A History of ConLangs, Part II: How Human is Alien Language? Science Fiction, Klingon, and Language

Part II: How Human is Alien Language? Science Fiction, Klingon, and Language

This year’s Fund Drive theme is linguistics and pop culture, and to that end, we’re running a short 3-part series about Constructed Languages, one of Pop Culture’s most enduring linguistic artifacts. Part I dealt with the early years of creative language construction, focusing mainly on the man who started it all–J.R.R. Tolkien, philologist and mythos-maker. Part II deals with Fantasy’s daring cousin, Science Fiction, and the role played by ConLangs in the creation of science-oriented narrative and philosophy.

From my first college years, when I told people that I was studying linguistics, I always got those inevitable questions. Question One is obviously, “how many languages do you speak?” but of course, the follow-up is always: “what kinds of jobs are there for linguists?” My answers vary, but usually land somewhere near “Linguist IS a job.” Nevertheless, people are often curious if I am interested in working for Hollywood–in training actors in dialectology, or in working on inventing languages for the movies. There’s a reason for that question, and the reason is Klingon.

Klingon is probably the most famous Science Fiction ConLang. It started as a fictional language for the use of aliens in Star Trek, and has become a pop culture phenomenon unlike any other. You can find Klingon on DuoLingo. I kid you not.

Klingon is mentioned in the TV Show version of Star Trek, but is not spoken on screen until Star Trek: the motion picture (1979). At the time, Klingon was not a ConLang but essentially alien-sounds without deliberate form. From there it was developed, regularized, and built up until it could be used for actual communication. It was officially described by Marc Okrand in 1985, who designed it starting from the sounds made up by James Doohan (the actor who plays Scotty) for the first lines of Klingon dialogue.

Mark Lenard, who played Klingon Captain of the battlecruiser IKS Amar, pronounced the first Klingon Words on screen–which were made up by James Doohan

Klingon’s most interesting features, in my opinion, are phonological. Because it was designed to sound “alien,” Klingon has many typologically rare and marked features. It had to be possible for a human vocal tract to produce, so it couldn’t reach the Alien heights of Arrival’s incomprehensible alien sounds, which do not notably resemble human language at all, in terms of strangeness to the human ear. Nevertheless a wide range of places of articulation, with unexpected unevenness suffice to make Klingon rather typologically unusual. There is only one sibilant, but there are plenty of voiced and voiceless fricatives and stops–so far, not so strange. (It was designed to sound “guttural,” so there are a collection of “guttural”-sounding fricatives and affricates.) Uvulars include stops and affricates. In terms of uneven phoneme sets, Klingon includes voiceless aspirated alveolar stops like English… but the voiced alternate is retroflex. In Klingon, there is a voiced labiodental fricative, but no voiceless alternate. To my mind, this is a smart strategy–by definition and nature, no speech sound, no matter how typologically marked, is “alien,” and any alien ConLang designed to be spoken by human actors must be composed out of speech sounds. So the creators, namely Marc Okrand, decided to use the phonological paradigm itself alongside the selection of phonemes. The gaps in the phoneme set do more to make the language strange than the presence of typologically marked sounds. The strangeness of Klingon is, so to speak, more in its phonological negative space than its positive space. According to Okrand, this is very much intentional–he used the phonological space to create a sound system that deliberately violates the normal phonological patterns and tendencies of human language.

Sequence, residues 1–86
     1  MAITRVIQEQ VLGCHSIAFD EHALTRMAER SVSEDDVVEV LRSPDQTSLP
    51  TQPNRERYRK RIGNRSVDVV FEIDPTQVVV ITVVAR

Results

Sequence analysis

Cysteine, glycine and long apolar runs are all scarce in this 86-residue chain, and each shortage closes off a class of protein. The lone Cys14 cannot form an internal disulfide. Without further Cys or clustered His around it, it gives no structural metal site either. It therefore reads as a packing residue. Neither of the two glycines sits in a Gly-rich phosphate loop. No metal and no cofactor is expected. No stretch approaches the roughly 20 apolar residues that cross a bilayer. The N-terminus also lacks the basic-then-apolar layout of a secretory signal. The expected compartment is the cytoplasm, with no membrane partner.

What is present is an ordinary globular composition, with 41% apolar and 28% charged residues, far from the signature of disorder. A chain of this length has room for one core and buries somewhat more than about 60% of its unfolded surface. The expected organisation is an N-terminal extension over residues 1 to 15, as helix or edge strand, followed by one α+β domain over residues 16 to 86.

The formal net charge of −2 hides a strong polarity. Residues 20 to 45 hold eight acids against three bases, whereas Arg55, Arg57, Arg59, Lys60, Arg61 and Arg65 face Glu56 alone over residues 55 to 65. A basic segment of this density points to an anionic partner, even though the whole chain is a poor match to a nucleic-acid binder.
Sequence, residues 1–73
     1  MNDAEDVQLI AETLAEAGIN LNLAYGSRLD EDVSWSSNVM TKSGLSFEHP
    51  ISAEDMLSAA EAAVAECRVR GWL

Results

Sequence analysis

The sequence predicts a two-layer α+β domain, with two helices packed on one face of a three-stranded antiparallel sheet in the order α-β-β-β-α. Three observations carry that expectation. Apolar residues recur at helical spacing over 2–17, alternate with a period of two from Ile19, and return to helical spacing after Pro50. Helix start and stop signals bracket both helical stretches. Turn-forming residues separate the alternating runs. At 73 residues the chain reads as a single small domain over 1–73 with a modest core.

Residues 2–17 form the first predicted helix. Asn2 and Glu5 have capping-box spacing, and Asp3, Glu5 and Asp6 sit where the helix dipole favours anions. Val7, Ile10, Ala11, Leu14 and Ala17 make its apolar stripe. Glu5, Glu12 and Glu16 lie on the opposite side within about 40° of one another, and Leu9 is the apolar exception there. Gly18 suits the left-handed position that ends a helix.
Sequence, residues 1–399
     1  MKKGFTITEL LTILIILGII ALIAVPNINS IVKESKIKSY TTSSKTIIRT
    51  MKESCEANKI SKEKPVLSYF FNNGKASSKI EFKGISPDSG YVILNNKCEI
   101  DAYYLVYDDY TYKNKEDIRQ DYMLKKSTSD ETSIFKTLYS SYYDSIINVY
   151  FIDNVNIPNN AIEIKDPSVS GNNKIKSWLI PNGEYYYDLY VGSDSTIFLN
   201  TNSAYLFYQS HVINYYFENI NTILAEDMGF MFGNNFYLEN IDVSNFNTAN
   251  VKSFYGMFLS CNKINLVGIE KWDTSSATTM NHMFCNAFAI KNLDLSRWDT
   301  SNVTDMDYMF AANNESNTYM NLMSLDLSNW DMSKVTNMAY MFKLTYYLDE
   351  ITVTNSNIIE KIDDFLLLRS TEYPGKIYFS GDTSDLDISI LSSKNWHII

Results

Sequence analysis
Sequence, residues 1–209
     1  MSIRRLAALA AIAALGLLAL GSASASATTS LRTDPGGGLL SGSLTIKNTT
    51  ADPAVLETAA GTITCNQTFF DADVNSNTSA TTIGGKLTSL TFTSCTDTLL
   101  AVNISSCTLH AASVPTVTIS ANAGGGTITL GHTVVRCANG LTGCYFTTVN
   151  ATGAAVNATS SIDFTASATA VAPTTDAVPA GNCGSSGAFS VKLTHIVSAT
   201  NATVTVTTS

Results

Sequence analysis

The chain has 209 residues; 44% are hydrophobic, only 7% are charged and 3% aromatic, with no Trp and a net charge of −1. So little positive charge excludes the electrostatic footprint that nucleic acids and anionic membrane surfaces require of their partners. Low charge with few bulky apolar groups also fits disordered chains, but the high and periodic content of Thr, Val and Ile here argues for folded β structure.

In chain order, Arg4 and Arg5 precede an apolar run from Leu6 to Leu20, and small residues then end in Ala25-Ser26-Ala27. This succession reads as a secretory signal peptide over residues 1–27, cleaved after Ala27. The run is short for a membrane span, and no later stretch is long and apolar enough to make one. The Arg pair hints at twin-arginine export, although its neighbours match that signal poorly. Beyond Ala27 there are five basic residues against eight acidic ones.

But hey, I’m no Klingon expert. Let’s let Marc Okrand, who is also responsible for creating Star Trek‘s Vulcan language, tell us about it. Check it out:

 

 

Like Tolkien’s Elvish, Klingon became the first of a new genre. Where Tolkien invented fantasy languages deliberate crafted to have the realistic features of human language, to have diachronies and dialects and variants and contact-phenomena, Science Fiction ConLangs are more often created to sound as unlike human language as possible. To that end, a focus on phonology makes sense. Unusual syntactic features or semantic features may be present in your SciFi Conlang, but who’s going to notice them, or find them strange? Klingon has grammar, morphology, syllable structure, and other complexities, but beyond the writing system and phonology, most listeners will never know what makes the language complex. Nevertheless, as evidenced by DuoLingo, the language has a popular following and is one of pop culture’s most widely spoken, widely studied, and well-beloved ConLangs. But it’s far from the only one. I love Star Wars, and it would be a mistake to totally leave out mention of the language use of the Star Wars franchise, such as its constructed script Aurebesh, but Klingon’s far-reaching influence is too important to the history of ConLangs, and truly deserves the space.

Milo James Thatch, Movie Linguist(ish), played by Michael J. Fox. I’m gonna be honest, I don’t remember the plot of this movie, but I do remember loving this guy.

Other SciFi ConLangs include Barsoomian, from 2012’s John Carter of Mars, and Goa’uld, the fictional language of Stargate, SG1. Marc Okrand also developed Atlantian for the Disney movie Atlantis: the Lost Empire, which is not like the other SciFi ConLangs mentioned here in that it was developed for a Science Fiction movie, but to be spoken by human characters, not aliens.